The State Department of Environmental Conservation and several federal agencies have given their stamp of approval to plans for a massive rebuilding of beaches in eastern Southampton Town.
The project will mobilize as soon as the summer crowds are gone the week after Labor Day.
The DEC and the U.S. Army Corps of Engineers, which coordinated approvals from the U.S. Fish and Wildlife Service, National Marine Fisheries Service and other federal agencies, gave the project the go-ahead to begin as early as September 1, as long as special measures are taken to protect against harming endangered sea turtles and sturgeon that migrate through the area in the early fall.
The consultants planning the project, Aram Terchunian of the Westhampton Beach environmental firm First Coastal and Tim Cana of the North Carolina-based company Coastal Science & Engineering, which is overseeing the work, said that bidding for the project, which was opened by Southampton Town last week, will put the start date for the work into the first week of September. The project is expected to take three to four months to complete if the autumn weather cooperates.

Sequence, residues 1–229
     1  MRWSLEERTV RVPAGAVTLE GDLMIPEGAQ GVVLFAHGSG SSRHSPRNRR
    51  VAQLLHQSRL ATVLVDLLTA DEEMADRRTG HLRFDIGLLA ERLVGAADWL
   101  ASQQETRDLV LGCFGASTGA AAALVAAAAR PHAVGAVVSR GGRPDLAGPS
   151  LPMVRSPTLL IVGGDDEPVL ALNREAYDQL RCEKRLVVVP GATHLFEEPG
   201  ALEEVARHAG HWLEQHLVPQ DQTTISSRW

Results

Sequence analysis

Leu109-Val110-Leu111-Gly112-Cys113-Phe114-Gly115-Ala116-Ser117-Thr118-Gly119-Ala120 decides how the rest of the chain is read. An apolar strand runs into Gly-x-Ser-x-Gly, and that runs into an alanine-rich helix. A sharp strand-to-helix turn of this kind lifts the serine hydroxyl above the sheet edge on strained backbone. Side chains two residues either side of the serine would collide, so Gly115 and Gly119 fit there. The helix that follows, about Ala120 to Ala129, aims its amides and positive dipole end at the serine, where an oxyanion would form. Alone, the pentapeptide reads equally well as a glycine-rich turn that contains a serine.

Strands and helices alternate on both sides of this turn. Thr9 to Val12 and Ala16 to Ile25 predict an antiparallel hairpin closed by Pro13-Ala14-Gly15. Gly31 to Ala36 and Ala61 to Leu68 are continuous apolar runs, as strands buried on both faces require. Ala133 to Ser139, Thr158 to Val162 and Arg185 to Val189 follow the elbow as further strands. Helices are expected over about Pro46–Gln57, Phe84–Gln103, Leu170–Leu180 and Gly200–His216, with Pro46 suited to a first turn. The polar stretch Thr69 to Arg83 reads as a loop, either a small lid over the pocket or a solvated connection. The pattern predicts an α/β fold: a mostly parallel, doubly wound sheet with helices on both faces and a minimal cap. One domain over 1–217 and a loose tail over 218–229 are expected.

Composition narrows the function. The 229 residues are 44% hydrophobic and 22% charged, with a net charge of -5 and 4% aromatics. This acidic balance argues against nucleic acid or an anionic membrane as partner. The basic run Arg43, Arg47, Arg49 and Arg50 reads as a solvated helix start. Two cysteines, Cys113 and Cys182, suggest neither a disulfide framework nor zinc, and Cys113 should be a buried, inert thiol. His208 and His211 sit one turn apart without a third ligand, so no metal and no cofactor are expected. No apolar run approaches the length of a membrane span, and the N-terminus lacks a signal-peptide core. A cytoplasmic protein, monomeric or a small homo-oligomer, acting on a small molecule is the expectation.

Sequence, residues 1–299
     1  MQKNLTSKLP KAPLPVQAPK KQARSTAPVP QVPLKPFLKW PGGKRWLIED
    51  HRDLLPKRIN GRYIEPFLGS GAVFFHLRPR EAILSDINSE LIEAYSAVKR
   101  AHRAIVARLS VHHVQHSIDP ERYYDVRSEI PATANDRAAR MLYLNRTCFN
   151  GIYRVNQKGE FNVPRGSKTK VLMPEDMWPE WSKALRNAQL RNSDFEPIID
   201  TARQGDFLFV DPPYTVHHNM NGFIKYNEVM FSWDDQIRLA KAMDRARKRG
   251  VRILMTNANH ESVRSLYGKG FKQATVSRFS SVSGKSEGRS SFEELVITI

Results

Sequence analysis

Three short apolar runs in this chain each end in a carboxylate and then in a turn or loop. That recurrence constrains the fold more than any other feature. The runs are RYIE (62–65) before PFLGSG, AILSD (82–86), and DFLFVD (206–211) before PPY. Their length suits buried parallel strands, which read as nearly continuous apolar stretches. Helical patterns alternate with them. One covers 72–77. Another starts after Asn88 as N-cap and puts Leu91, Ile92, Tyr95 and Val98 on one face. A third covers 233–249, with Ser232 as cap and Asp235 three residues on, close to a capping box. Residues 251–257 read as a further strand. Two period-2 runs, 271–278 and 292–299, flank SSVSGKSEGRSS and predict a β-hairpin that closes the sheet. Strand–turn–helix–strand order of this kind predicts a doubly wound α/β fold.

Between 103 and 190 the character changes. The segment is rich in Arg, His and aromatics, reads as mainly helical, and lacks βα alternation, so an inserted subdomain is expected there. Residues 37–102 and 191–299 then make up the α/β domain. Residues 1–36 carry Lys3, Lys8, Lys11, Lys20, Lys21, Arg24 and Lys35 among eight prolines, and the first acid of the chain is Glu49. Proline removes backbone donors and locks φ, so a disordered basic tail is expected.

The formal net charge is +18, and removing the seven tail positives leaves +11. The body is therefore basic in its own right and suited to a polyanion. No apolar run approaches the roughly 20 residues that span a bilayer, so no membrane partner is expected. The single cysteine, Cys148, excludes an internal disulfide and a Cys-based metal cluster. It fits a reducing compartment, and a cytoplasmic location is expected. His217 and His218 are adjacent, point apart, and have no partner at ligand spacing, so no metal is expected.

The September start is expected to reduce the cost of the work, because more dredges will be available, since most such projects around the country are restricted by environmental regulations from ocean dredging until later in the fall. In the Northeast, protections for sea turtles and sturgeons typically prohibit large-scale dredging work until after November 15, but the restriction can be lifted if dredges are fitted with protective devices and follow strict operating protocols to protect against unintended harm to marine life. Mr. Terchunian said the dredges will be fitted with a turtle-exclusion device, similar to a cow catcher on a train locomotive, and will be required to be in contact with the bottom whenever they are operating to avoid sucking in marine species.
“Interaction with sea turtles is exceedingly rare,” Mr. Terchunian said. He noted that work on the rebuilding of beaches in West Hampton Dunes in the 1990s also was done within typically restricted dates by taking similar measures to ensure the work did not interfere with wildlife.
The project plans call for approximately 2.5 million tons of sand to be sucked from natural stockpiles a mile offshore and pumped ashore along a six-mile stretch of beach between Flying Point in Water Mill and the Southampton Town boundary with East Hampton.